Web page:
Crackonosh virus extracted $ 2 million worth of Monero from 222,000 hacked computers



Previously undocumented Windows malware has infected more than 222,000 systems worldwide since at least June 2018, bringing developers more than 9,000 Moneros ($ 2 million) in illegal profit.

dubbing “CrackonoshThe malware is distributed via an illegally cracked copy of popular software, but disables the antivirus program installed on the machine and installs a minor package called XMRig to infect the host. Secretly exploits Monero resources to mine them.

Between January 1, 2018 and November 23, 2020, at least 30 different versions of malware executables were discovered at Avast, a Czech cybersecurity software company. Mentionned As of Thursday, the majority of the victims resided in the United States, Brazil, India, Poland and the Philippines.

Crackonosh covers this trail by replacing important Windows system files such as “serviceinstaller.msi” and “maintenance.vbs”. Safe mode, Prevent antivirus software from working, remove Windows Defender (and other installed solutions), and turn off automatic updates.

Crackonosh malware

Malware has its own version of “” as part of its detection prevention and forensic protection.MSASCuiL.exe“(That is, Windows Defender) places a Windows security icon with a green check mark in the system tray and runs tests to determine if it is running in a virtual machine.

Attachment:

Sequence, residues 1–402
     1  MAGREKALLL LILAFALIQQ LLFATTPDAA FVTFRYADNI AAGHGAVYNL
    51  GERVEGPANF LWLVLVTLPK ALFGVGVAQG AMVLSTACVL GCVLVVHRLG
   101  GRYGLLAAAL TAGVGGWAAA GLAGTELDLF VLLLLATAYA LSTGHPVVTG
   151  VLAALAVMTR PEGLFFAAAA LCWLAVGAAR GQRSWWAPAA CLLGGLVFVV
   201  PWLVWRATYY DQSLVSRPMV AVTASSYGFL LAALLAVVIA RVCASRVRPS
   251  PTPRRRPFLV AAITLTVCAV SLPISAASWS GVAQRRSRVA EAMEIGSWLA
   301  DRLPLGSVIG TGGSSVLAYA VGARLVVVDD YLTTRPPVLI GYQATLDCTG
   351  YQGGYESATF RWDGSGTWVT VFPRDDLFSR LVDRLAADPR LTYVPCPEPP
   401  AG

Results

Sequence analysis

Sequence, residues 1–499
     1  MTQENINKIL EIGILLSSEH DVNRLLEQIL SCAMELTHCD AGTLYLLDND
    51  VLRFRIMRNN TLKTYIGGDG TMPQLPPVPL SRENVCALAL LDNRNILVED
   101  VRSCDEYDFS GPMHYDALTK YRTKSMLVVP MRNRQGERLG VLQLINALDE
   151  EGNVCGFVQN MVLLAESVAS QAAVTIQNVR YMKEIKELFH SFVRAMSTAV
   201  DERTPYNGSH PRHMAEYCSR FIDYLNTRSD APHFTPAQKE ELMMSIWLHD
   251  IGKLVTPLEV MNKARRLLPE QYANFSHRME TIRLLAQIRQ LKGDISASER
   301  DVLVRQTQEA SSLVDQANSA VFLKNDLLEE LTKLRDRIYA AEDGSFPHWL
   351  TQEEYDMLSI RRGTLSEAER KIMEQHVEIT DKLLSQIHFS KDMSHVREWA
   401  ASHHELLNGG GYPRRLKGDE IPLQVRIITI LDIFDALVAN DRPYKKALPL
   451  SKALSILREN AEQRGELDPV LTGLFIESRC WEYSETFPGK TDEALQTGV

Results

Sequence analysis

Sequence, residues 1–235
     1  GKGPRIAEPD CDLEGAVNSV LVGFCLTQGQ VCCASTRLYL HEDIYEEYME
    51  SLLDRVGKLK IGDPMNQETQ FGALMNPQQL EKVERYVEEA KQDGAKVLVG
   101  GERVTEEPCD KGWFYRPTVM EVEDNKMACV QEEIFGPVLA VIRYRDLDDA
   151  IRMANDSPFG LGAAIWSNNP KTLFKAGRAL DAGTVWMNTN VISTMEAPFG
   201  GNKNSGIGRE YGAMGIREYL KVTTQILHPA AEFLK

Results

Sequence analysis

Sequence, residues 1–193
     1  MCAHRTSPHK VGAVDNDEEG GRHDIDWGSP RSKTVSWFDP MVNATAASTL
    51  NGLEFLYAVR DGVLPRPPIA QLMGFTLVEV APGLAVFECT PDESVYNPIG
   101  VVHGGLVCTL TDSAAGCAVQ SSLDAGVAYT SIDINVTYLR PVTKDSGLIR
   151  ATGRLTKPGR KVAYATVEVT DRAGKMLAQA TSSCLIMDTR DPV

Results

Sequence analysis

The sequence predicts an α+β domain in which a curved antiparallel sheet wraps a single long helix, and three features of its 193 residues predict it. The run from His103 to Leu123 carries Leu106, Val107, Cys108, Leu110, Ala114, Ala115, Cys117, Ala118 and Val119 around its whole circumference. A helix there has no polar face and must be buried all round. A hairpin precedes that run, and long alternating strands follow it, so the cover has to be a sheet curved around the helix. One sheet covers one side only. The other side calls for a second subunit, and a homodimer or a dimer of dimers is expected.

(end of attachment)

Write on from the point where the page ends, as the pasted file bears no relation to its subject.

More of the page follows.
Last December, security researcher Roberto Franceschetti Disclosure This antivirus application Disables when booting into safe mode Rename the application directory before the corresponding service starts in Windows.

Prevent ransomware attacks

However, Microsoft said the problem “does not meet security service standards,” pointing out that the attack assumes it has administrator / root privileges, and “malicious administrators are much more. wrong. “

Crackonosh malware

Development also arrives as Chinese actor suspected of threat behind SaleMoe And Purple fox The malware was found to be compromised on approximately 100,000 Windows machines as part of an evolving crypto jack campaign dating back to 2017.

“Crackonosh shows the risks of downloading pirated software,” said Daniel Benesh, security researcher at Avast. “As long as people continue to download pirated software, such attacks will continue and continue to benefit attackers. The key point from now on is that trying to steal software really doesn’t get you anything. No. Maybe someone is trying to steal from you. “

Crackonosh virus extracted $ 2 million worth of Monero from 222,000 hacked computers


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